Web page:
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Atlantic salmon (Salmo salar) muscle precursor cells differentiate into osteoblasts in vitro: polyunsaturated fatty acids and hyperthermia influence gene expression and differentiation
Ytteborg, E.; Vegusdal, A.; Witten, P.E.; Berge, G.M.; Takle, H.; Ostbye, T.-K.; Ruyter, B. (2010). Atlantic salmon (Salmo salar) muscle precursor cells differentiate into osteoblasts in vitro: polyunsaturated fatty acids and hyperthermia influence gene expression and differentiation. Biochimica et Biophysica Acta-Molecular and Cell Biology of Lipids 1801(2): 127-137. https://hdl.handle.net/10.1016/j.bbalip.2009.10.001
In: Biochimica et Biophysica Acta-Molecular and Cell Biology of Lipids. ELSEVIER SCIENCE BV: Amsterdam. ISSN 1388-1981; e-ISSN 0006-3002
Peer reviewed article  

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Trefwoord
    Salmo salar Linnaeus, 1758 [WoRMS]
Author keywords
    Atlantic salmon; Differentiation; Hyperthermia; In vitro; Osteoblast;PUFA

Auteurs  Top 
  • Ytteborg, E.
  • Vegusdal, A.
  • Witten, P.E.
  • Berge, G.M.
  • Takle, H.
  • Ostbye, T.-K.
  • Ruyter, B.

Abstract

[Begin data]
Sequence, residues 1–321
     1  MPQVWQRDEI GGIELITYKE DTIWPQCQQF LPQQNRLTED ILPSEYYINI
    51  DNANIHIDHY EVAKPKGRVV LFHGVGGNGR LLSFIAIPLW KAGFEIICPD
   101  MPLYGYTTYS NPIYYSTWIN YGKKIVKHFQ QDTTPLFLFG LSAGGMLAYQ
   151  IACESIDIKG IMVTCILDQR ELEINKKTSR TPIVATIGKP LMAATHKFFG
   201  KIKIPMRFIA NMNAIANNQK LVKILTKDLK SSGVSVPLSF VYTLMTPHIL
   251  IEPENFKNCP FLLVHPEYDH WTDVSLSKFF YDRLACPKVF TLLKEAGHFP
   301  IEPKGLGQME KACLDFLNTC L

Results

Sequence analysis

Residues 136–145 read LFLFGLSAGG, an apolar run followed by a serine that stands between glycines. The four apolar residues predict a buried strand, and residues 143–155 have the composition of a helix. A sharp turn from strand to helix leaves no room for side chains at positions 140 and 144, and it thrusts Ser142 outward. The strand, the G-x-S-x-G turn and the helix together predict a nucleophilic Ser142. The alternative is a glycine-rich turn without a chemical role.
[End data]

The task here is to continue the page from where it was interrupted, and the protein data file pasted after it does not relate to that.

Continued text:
The formation and mineralisation of bone are two critical processes in fast-growing Atlantic salmon (Salmo salar). The mechanisms of these processes, however, have not been described in detail. Thus, in vitro systems that allow the study of factors that influence bone formation in farmed Atlantic salmon are highly warranted. We describe here a method by which unspecialised primary cells from salmon white muscle can differentiate to osteoblasts in vitro. We have subsequently used the differentiated cells as a model system to study the effects of two factors that influence bone formation in Atlantic salmon under commercial farming conditions, namely polyunsaturated fatty acids, PUFAs, and temperature. Muscle precursor cells changed their morphology from triangular or spindle-shaped cells to polygonal or cubical cells after 3 weeks in osteogenic medium. In addition, gene expression studies showed that marker genes for osteoblastogenesis; alp, col1a1, osteocalcin, bmp2 and bmp4 increased after 3 weeks of incubation in osteogenic media showing that these cells have differentiated to osteoblasts at this stage. Adding CLA or DHA to the osteoblast media resulted in a reduced PGE2 production and increased expression of osteocalcin. Further, temperature studies showed that differentiating osteoblasts are highly sensitive to increased incubation temperature at early stages of differentiation. Our studies show that unspecialised precursor cells isolated from salmon muscle tissue can be caused to differentiate to osteoblasts in vitro. Furthermore, this model system appears to be suitable for the study of osteoblast biology in vitro.

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